By Craig Buckler

Introducing the New CSS Cursor Styles in CSS3

By Craig Buckler

The early days of web development were a thrill as new technologies and techniques were discovered. We experienced a few stagnant years in the middle of last decade but, thanks to HTML5, web development has become exciting again. In particular, CSS3 is evolving rapidly and you’ll find some interesting gems in the specifications.

In this article, we’re going to examine the CSS cursor property which, as you’d expect, allows you to change the cursor style as the mouse moves over an element. It’s become increasingly important for interactive web applications…

CSS2 Cursor Styles

CSS2 offered relatively few options (hover over any element to see how the cursor changes):

cursor: auto
cursor: inherit
cursor: crosshair
cursor: default
cursor: help
cursor: move
cursor: pointer 
cursor: progress
cursor: text
cursor: wait
cursor: e-resize
cursor: ne-resize
cursor: nw-resize
cursor: n-resize
cursor: se-resize
cursor: sw-resize
cursor: s-resize
cursor: w-resize

CSS3 Cursor Styles

We have more styles to choose from in CSS3. These work in IE9 and the latest versions of Firefox, Chrome, Safari and Opera except where indicated:

cursor: none (not IE, Safari, Opera)
cursor: context-menu (not Firefox, Chrome)
cursor: cell (not Safari)
cursor: vertical-text
cursor: alias (not Safari)
cursor: copy (not Safari)
cursor: no-drop
cursor: not-allowed
cursor: ew-resize
cursor: ns-resize
cursor: nesw-resize
cursor: nwse-resize
cursor: col-resize
cursor: row-resize
cursor: all-scroll

Browser-Specific Cursors

Mozilla and some editions of Chrome and Safari offer a number of vendor-prefixed cursor styles which are likely to become part of the CSS3 specification:

cursor: -webkit-grab; cursor: -moz-grab;
cursor: -webkit-grabbing; cursor: -moz-grabbing;
cursor: -webkit-zoom-in; cursor: -moz-zoom-in;
cursor: -webkit-zoom-out; cursor: -moz-zoom-out;

Creating Your Own Cursor

Finally, you can create your own cursor graphic, e.g.

cursor: url(images/cursor.cur);
cursor: url(images/cursor.png) x y, auto;


  1. Internet Explorer requires a Windows cursor file (.cur).
  2. Firefox, Chrome and Safari require an image — I’d recommend a 24-bit alpha-transparent PNG.
  3. Firefox also requires a second non-URL cursor fallback value.
  4. It’s not supported in Opera.
  5. x and y are optional properties in Firefox, Chrome and Safari which define the precise pointer position from the top-left of the graphic. If omitted, 0 0 is assumed.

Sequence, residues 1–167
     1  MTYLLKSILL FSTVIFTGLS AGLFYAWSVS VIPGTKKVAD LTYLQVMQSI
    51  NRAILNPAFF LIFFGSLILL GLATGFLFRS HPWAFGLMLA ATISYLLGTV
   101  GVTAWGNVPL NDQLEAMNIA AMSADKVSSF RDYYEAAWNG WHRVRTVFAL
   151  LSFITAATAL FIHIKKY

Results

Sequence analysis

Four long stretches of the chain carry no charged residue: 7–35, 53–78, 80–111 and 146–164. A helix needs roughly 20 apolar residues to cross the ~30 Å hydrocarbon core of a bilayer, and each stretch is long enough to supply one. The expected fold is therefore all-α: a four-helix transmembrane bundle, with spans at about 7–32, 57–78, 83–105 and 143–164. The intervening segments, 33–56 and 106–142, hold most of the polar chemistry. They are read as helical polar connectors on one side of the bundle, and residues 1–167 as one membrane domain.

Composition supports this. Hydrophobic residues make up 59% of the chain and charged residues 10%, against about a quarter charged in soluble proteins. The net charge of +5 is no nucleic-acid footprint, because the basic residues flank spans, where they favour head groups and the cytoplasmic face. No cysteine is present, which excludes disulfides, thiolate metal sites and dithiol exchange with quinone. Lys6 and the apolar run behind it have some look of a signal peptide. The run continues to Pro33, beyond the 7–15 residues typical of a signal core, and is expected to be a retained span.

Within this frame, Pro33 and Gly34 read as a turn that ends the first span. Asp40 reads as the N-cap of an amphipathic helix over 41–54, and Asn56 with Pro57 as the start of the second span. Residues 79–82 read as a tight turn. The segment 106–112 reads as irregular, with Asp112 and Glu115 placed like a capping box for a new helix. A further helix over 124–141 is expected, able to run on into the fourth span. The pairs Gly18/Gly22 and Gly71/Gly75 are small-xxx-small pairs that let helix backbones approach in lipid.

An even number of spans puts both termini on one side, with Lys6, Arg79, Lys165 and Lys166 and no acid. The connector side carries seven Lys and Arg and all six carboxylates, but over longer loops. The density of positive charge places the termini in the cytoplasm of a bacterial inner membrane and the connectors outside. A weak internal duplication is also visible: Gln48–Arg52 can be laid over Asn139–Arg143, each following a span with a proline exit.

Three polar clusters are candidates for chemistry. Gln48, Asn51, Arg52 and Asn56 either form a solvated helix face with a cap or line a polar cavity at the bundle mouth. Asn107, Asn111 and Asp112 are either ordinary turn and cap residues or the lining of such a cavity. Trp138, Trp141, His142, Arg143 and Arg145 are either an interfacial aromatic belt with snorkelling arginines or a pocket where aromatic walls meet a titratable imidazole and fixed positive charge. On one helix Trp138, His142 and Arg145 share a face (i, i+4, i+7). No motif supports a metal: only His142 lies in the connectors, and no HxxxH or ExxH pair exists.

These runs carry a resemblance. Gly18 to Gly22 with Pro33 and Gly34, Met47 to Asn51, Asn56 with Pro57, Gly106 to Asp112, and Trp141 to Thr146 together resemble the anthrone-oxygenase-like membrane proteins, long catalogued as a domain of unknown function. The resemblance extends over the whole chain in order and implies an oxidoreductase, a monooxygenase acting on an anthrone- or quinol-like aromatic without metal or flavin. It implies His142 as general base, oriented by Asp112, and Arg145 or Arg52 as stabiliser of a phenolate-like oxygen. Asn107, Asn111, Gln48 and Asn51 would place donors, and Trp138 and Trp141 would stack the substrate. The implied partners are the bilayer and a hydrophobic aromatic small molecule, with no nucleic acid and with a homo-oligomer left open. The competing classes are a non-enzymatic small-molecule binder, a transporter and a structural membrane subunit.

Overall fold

Nice, but it sounds like too much effort to me! I’ll be sticking with the standard cursor styles…

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  • DDA

    In Safari 5.1.1 the “None”, “Content Menu” and “Cell” all changed the cursor to what looked like an appropriate one.

  • Chris Emerson

    What’s the point in the repeated resize cursors?

    • While some will be repeated on your OS, that’s not necessarily the case for everyone. In Windows 7 there’s no difference between ns-resize, n-resize and s-resize but there could be in future. Use whichever is most syntactically correct, i.e. if a control can only be moved down, use s-resize.

  • The -webkit-grab and -webkit-grabbing don’t work for me in Chrome 16 (Win 7). Perhaps they work in a nightly build?

  • FYI, context-menu works in my Firefox (9.0.1 on Linux)

    • The same for me. Firefox 9.0.1, Linux Mint 12 32-bit.

  • tomByrer

    “Nice, but it sounds like too much effort to me! I’ll be sticking with the standard cursor styles…”

    Change the html tag to this:


    Now we can use this CSS to ensure .PNG loads in non-IE browsers:

    html.modern #dragMe {
    cursor: url(‘customMoveCursor.png’) 5 15, /* Modern browsers, hotspot is (5, 15). */
    move; /* Older browsers */

    html.oldIE #dragMe {
    cursor: url(‘customMoveCursor.cur’), /* IE .CUR file loads */
    move; /* In case IE can’t load the above. */

    Might be worth the hassle sometimes.

    • tomByrer

      Oops; conditionals are missing from my post; just follow the link ;)

  • Oi, didn’t know about some of these. Thanks a lot~!!!

  • Hi.

    This site has an effect that would like to learn.
    This div on the right; if you move down and / or up, it also moves.
    I can place a fixed div, but I can’t do the effect.
    I think this effect uses javascript and CSS.
    How to do the same effect?

    Thank you,

  • “Nice, but it sounds like too much effort to me! I’ll be sticking with the standard cursor styles…”


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